Wednesday, July 10, 2013
Saturday, May 25, 2013
Our concert at the Electric Bean went very well! It was well attended with a very nice listening audience and the sound was great. This concert had special meaning for Rich, as it was in his hometown, the place where he grew up and went to elementary, middle and high school. Special thanks go out to Rich's longtime friend, Longview piano teacher Martin Kauble, who acted as our agent in Longview, setting up the concert and getting the word out to the local media and concert attendees. You can see and hear Stephen and Rich perform Rain, Rain, Rain, Mathematics, and Crashing Waves on acoustic guitar, voice and double bass, and Stephen perform Red-Tailed Hawk on cigar box guitar and voice on the first video bar to your right.
|Photo by Electric Bean sound person Bilko Gramps. Thank you Bilko!|
|It has become a WALKING WILLOWS custom to have local artists sit in whenever possible. In Longview, trumpet and flugelhorn player Micheal Paul was our guest musician, playing on 1 hit song, Morning Song, and Walking Willow Tree. This photo was taken by an audience member during our sound check.|
Thursday, May 16, 2013
The Walking Willows to perform free folk concert
May 15, 2013 8:00 pm • By Tom Paulu / The Daily News
Hinrichsen, who lives in Seattle, and Stephen Cohen of Portland make up The Walking Willows.
Cohen sings in a spare, laconic style and strums a guitar while Hinrichsen bows or plucks the double bass, or plays piano, and contributes backup vocals.
Hinrichsen describes the style as “creative folk music.” A reviewer for the Portland Mercury called the Willows “off-the-beaten-path folk” singers who indulge in “some good old-fashioned, rain-sodden Oregon weirdness.”
The group is coming here because of the enduring friendship of Hinrichsen and Martin Kauble, a Longview piano teacher. Both played together in a jazz band at Mark Morris High School, from which they graduated in 1980.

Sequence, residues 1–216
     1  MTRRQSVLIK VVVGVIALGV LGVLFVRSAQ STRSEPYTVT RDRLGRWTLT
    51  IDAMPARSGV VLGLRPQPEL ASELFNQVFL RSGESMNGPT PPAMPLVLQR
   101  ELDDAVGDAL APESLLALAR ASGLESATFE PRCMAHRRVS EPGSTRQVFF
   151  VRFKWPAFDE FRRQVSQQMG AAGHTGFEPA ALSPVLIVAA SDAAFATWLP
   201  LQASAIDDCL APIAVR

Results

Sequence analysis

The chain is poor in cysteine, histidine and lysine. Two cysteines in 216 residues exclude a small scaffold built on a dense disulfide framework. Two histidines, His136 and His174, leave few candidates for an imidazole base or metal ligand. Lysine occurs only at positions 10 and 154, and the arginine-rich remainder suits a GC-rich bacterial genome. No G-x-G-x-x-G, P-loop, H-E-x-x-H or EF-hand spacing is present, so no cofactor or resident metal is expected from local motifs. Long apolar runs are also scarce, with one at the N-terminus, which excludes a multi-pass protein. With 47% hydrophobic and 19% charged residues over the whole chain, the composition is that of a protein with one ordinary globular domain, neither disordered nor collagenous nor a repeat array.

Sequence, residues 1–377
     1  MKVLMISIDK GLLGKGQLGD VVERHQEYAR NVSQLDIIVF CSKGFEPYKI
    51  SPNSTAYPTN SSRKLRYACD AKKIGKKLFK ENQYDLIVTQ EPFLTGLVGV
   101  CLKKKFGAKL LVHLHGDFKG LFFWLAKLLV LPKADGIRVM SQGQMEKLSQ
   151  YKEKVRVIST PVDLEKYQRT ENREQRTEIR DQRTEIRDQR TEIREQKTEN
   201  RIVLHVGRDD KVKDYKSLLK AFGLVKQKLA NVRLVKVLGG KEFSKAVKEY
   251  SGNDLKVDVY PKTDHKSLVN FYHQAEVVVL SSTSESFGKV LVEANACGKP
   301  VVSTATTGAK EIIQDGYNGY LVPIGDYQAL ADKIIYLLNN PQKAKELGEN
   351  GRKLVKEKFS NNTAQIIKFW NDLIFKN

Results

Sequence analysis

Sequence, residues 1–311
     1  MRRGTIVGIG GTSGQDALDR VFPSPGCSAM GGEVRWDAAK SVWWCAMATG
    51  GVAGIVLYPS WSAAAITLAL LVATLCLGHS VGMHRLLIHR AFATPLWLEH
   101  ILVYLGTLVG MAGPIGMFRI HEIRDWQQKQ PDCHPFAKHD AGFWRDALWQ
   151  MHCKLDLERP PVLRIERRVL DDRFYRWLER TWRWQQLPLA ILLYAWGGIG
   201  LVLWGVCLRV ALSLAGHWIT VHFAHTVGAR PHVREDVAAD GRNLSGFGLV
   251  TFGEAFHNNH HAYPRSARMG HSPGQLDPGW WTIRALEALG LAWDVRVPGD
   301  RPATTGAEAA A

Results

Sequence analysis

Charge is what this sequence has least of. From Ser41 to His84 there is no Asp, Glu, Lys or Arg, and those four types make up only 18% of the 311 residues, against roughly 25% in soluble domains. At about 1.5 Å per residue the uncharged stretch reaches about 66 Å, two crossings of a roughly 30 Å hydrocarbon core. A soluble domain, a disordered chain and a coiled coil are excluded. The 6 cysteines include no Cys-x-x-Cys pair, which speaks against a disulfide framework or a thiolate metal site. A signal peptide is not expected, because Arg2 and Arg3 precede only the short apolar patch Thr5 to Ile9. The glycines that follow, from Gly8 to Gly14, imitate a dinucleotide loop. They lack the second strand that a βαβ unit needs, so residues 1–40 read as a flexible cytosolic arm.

Hinrichsen played in a jazz group at Lower Columbia College and fondly remembers the group traveling to Disneyland to play. He ended up becoming a fisheries consultant, working on salmon issues for federal agencies.
The Walking Willows sprouted from The Tree People, which was formed in Eugene in the 1970s.
The Tree People disbanded in the mid-’80s, and Cohen moved to Portland and kept recording. The Tree People reformed in 2007, this time with Hinrichsen, after a resurgence of interest in the group’s old vinyl recordings.
The revived Tree People went to a folk festival in Spain, where Hinrichsen said there was more interest in them than back home. The group also played in New York City.
Two years ago, one of the Tree People left the group, so Cohen and Hinrichsen kept going as the Walking Willows. Aside from their gig here, the two also play regularly at Portland’s Old Church
Tuesday, May 7, 2013
|Last week I attended Kindiefest and performed at the industry showcase.|
|photo by Julie Keefe in Portland|
It's a dusty old train rolling down the line, it's a dusty old train making good timeride, ride, ride the train
I'm so happy to be at Kindiefest singing my song, thank you so much for singing along